No Weaver Street for Hillsborough?

The Hillsborough Board of Adjustment rejected a very good site plan for Weaver Street Market in downtown Hillsborough last night, voting 3-2 in favor. A 4-1 vote was required in order to pass the plan. Paul Newton and Al Hartkopf cast the two votes against Weaver Street. It is not at all clear why they voted as they did. It doesn't make sense. I think there will be a lot of people in Hillsborough who will want to know why, and who will want to know how to correct this mistake.


I would think that people in Chapel Hill and Carrboro could understand concerns about increased downtown traffic.

Paul Newton is a frequent OP poster; maybe he can provide more information about what influenced his decision before people leap to the conclusion that there is a hidden agenda.

Two board members voted against the changes, saying they thought the market would bring too much additional traffic to Churton Street.

The Gateway Center is approved to be built on the west side of Churton Street, next to Exchange Park Lane.

"I believe this is a way-too-intensive use for the busiest portion of the busiest street in Hillsborough," said Al Hartkopf, who cast a dissenting vote.

Jan 12, 2006 N&O: No Weaver St in Hillsborough

Too much additional traffic to Churton St? I thought we wanted activities in our downtowns.

Of course, if this development was somehow going to produce gridlock, there probably would have been a traffic study showing as much. Neither the Herald-Sun nor N&O article cite any such studies.

If there's no secret substory here and this development went down because of general opinions from two board members that there would be "too much traffic," the process of considering traffic impacts on the Hillsborough BOA can be called unimaginative at best. What's "too much?" What's the road capacity? How many cars will WSM attract? How many walkers? How many bikers? How is this different from a restaurant/retail establishment that would otherwise go in its place?

If one did a trip generation study at WSM in Carrboro, or even in Southern Village, the percentage of those arriving by bus, bike, and foot would likely be much higher than standard trip generation rates provided by the Institute of Traffic Engineers (ITE) Trip Generation manual, which generally produces rates by studying suburban locations in Florida. Why? WSM has taken pains to locate in walkable community centers. While not directly in the heart of Downtown Hillsborough, this store is certainly close enough to attract significant pedestrian traffic.

If these BOA members are just assuming that everyone arriving at WSM will come by car, perhaps based on their own experiences in grocery shopping, then they are doing Hillsborough a disservice.

For more detailed critiques of Trip Generation procedures promulgated by ITE, visit this link (PDF):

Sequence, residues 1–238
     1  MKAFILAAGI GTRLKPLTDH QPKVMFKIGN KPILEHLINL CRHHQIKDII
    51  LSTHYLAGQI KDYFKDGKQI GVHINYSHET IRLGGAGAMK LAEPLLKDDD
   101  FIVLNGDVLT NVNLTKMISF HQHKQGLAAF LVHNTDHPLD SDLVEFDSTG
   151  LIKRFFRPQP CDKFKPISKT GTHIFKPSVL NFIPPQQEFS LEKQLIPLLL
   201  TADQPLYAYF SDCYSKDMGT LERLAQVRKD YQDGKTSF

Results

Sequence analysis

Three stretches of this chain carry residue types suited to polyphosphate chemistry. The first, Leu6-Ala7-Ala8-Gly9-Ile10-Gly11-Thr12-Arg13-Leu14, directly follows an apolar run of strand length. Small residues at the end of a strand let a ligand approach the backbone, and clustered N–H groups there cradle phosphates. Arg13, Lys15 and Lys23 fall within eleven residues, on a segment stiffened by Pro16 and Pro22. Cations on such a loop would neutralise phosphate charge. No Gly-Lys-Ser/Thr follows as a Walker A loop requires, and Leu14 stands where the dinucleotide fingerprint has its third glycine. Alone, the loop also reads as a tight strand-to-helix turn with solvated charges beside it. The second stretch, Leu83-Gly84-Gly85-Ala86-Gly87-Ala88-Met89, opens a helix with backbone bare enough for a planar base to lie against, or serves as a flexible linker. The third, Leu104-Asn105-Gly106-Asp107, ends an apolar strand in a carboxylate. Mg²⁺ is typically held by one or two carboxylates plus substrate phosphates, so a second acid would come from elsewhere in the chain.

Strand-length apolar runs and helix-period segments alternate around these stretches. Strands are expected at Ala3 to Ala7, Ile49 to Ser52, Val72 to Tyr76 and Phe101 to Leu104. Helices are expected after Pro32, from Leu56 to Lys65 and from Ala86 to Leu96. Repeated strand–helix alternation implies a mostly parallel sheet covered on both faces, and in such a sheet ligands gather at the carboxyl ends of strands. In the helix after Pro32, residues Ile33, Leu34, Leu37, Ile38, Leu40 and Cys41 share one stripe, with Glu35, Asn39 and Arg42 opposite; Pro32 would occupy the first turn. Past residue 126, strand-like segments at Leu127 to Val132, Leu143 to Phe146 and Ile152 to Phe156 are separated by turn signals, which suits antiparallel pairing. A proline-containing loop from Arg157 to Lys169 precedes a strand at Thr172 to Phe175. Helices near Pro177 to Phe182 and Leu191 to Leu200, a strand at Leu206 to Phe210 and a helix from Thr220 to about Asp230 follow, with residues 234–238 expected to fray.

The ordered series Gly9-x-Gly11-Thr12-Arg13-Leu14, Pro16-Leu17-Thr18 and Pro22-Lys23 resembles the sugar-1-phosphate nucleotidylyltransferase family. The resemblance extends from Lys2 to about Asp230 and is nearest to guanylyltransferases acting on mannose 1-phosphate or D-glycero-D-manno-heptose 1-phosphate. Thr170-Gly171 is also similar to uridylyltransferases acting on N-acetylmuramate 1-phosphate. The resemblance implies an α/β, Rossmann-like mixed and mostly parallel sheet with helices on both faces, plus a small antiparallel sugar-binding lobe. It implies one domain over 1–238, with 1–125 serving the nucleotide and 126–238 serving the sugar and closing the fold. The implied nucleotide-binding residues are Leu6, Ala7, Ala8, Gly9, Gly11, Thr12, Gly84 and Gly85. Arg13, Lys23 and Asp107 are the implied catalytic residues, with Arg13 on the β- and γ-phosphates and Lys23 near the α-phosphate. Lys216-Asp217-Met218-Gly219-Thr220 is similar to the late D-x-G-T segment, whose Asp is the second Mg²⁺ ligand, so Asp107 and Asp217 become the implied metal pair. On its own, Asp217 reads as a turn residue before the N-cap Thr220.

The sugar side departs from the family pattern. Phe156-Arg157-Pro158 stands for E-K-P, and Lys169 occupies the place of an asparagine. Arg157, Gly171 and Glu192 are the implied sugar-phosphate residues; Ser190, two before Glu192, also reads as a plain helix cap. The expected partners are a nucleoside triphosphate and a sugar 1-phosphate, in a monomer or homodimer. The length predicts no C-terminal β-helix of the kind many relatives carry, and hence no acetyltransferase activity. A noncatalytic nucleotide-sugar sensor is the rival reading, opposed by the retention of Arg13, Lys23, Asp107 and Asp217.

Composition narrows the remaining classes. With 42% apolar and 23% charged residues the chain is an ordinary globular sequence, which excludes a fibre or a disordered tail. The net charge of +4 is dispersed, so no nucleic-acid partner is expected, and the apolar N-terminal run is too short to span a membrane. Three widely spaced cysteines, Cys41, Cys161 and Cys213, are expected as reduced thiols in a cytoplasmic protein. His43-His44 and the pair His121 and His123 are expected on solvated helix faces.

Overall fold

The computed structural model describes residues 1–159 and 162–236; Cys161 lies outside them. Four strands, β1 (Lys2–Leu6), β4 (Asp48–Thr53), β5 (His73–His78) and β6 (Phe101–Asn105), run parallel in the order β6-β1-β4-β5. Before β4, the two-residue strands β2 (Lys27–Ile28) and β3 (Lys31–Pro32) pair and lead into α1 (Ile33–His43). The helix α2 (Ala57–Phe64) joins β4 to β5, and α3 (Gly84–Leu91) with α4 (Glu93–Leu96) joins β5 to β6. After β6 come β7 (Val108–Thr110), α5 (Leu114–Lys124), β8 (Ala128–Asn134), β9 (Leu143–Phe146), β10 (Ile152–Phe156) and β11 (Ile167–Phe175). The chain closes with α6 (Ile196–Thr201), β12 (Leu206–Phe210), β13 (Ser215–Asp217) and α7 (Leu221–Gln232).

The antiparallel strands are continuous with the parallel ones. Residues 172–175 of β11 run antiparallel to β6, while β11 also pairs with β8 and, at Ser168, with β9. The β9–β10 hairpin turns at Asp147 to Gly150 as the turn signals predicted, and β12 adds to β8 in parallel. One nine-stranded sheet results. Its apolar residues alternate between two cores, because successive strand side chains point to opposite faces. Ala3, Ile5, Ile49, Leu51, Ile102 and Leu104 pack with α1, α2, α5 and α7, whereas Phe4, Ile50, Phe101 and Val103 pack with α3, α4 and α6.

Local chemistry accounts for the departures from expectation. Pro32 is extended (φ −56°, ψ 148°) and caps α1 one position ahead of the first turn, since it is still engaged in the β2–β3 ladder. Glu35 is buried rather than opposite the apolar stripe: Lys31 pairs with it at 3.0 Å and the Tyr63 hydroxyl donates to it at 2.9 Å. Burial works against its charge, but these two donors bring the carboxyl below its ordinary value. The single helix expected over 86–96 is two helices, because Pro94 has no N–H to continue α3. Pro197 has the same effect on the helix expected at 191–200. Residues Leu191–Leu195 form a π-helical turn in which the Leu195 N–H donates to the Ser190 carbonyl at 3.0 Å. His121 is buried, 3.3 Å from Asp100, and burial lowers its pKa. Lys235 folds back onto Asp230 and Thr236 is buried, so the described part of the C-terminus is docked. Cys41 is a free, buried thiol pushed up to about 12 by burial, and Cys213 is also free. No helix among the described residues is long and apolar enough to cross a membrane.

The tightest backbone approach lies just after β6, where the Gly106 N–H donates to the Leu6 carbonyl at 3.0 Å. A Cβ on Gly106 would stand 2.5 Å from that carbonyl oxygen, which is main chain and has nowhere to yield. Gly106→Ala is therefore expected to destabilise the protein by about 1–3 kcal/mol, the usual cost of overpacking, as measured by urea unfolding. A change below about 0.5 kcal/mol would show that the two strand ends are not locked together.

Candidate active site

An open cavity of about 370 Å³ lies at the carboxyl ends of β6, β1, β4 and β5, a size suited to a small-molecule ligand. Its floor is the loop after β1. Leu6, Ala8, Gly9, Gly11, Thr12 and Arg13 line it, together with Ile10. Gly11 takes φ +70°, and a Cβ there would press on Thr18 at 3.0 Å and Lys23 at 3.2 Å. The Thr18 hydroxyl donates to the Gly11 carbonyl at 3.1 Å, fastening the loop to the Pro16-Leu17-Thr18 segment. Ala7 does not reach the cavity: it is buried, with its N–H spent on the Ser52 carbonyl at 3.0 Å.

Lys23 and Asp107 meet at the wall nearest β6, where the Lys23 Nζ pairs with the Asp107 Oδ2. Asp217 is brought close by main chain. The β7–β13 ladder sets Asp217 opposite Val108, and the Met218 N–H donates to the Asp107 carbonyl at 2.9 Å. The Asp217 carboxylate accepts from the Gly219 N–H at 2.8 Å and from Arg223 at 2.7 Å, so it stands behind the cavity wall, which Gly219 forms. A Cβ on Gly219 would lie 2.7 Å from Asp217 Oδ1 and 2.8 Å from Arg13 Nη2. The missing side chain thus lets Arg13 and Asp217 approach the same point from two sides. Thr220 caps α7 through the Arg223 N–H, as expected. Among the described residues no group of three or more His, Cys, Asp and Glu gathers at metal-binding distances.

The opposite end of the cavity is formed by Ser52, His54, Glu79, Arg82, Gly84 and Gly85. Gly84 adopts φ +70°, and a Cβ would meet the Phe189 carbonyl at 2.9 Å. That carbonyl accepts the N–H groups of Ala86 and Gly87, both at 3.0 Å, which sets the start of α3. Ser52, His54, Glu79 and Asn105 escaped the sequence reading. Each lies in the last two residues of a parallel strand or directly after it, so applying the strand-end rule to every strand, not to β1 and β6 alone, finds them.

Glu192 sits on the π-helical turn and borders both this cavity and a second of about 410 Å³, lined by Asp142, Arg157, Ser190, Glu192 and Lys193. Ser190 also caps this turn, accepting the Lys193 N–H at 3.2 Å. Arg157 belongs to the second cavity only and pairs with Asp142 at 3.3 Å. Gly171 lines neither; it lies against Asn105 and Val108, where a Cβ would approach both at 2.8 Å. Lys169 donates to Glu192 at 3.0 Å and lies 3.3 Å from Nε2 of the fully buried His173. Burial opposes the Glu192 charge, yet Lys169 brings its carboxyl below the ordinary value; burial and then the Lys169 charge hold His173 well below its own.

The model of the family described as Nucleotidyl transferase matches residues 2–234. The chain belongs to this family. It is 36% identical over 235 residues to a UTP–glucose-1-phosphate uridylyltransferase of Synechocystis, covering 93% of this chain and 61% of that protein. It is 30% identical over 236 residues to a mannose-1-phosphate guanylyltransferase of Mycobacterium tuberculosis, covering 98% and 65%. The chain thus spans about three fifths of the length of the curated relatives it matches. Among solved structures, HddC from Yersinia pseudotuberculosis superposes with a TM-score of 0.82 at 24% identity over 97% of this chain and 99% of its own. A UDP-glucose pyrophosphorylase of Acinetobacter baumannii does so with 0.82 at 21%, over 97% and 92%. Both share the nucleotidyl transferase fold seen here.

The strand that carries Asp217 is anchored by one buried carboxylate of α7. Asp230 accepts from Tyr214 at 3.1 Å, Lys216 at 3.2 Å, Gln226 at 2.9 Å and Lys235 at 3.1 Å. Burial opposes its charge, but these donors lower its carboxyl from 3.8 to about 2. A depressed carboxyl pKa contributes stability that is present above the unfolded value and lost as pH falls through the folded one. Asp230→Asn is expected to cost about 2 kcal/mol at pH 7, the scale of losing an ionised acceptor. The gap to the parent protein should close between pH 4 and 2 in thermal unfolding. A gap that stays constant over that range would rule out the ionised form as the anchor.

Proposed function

Citizens should flood the BOA with requests asking for evidence of "too much traffic." This is a bad decision for Hillsborough.

This seems illogical in many ways.

What kind of economic activity do they want downtown?

It seems like a great opportunity for all the Hillsborough downtown businesses, something they would find a way to make work.Something doesn't make sense about this.

I thought the explanation for this decision (in the paper) was idiotic. There must be some other agenda hidden behind all this.

I'm with Mark and James on this one. The explanation given really didn't make alot of sense to me. Based on the hugely positive impact Weaver Street Market has had on Carrboro, especially their employment practices and wage scale, I would have thought that they were a perfect fit for Hillsborough. Something about this really doesn't add up.

Allan, I'm not aware of any serious observer of Chapel Hill and Carrboro who thinks "too much traffic" is a major concern with regard to downtown.

What's more, downtown retail resources like a grocery store could actually enable the kind of walkability many of us have been advocating for downtowns. This is why we've been encouraging Chapel Hill elected officials to make a downtown grocery store a top priority.

If I recall in December the traffic issue as well as others were raised with the deverloper and Weaver Street. From news reports it would appear that the traffic issue was not addressed. Nothing like having the questions to the test a month before and then complaim you are not ready for the test.

Almost every business deverlopment generates questions about traffic flow and impact and there are "experts" from both sides who try to answer this question. If the traffic info is there then lets see it and prove these two gentlemen wrong. If it was Kroger or Harris Teeter wanting to build would you be standing up for them???

Traffic issues have been a problem in Hillsborough for years. The big rigs are band from downtown unless they are making a stop in the area. As for the bypass it has yet to be built.